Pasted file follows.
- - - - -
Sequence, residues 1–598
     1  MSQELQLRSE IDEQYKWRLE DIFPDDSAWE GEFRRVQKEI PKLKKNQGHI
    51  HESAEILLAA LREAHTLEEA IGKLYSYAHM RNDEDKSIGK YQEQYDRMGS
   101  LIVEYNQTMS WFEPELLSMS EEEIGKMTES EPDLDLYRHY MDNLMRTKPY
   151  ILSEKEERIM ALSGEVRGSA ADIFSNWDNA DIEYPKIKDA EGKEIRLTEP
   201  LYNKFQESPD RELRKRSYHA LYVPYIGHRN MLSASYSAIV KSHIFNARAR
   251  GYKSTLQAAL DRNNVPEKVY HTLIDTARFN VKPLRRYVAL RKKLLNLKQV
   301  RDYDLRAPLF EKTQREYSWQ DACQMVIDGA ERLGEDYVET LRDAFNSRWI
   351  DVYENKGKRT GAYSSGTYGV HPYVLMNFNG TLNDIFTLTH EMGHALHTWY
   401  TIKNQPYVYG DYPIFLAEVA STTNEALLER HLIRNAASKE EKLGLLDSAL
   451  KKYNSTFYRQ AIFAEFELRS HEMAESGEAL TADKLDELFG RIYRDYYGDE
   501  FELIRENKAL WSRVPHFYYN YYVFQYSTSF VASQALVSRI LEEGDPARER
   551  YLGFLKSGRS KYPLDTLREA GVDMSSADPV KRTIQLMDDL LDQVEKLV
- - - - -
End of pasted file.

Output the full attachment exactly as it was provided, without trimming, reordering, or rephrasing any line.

Sequence, residues 1–598
     1  MSQELQLRSE IDEQYKWRLE DIFPDDSAWE GEFRRVQKEI PKLKKNQGHI
    51  HESAEILLAA LREAHTLEEA IGKLYSYAHM RNDEDKSIGK YQEQYDRMGS
   101  LIVEYNQTMS WFEPELLSMS EEEIGKMTES EPDLDLYRHY MDNLMRTKPY
   151  ILSEKEERIM ALSGEVRGSA ADIFSNWDNA DIEYPKIKDA EGKEIRLTEP
   201  LYNKFQESPD RELRKRSYHA LYVPYIGHRN MLSASYSAIV KSHIFNARAR
   251  GYKSTLQAAL DRNNVPEKVY HTLIDTARFN VKPLRRYVAL RKKLLNLKQV
   301  RDYDLRAPLF EKTQREYSWQ DACQMVIDGA ERLGEDYVET LRDAFNSRWI
   351  DVYENKGKRT GAYSSGTYGV HPYVLMNFNG TLNDIFTLTH EMGHALHTWY
   401  TIKNQPYVYG DYPIFLAEVA STTNEALLER HLIRNAASKE EKLGLLDSAL
   451  KKYNSTFYRQ AIFAEFELRS HEMAESGEAL TADKLDELFG RIYRDYYGDE
   501  FELIRENKAL WSRVPHFYYN YYVFQYSTSF VASQALVSRI LEEGDPARER
   551  YLGFLKSGRS KYPLDTLREA GVDMSSADPV KRTIQLMDDL LDQVEKLV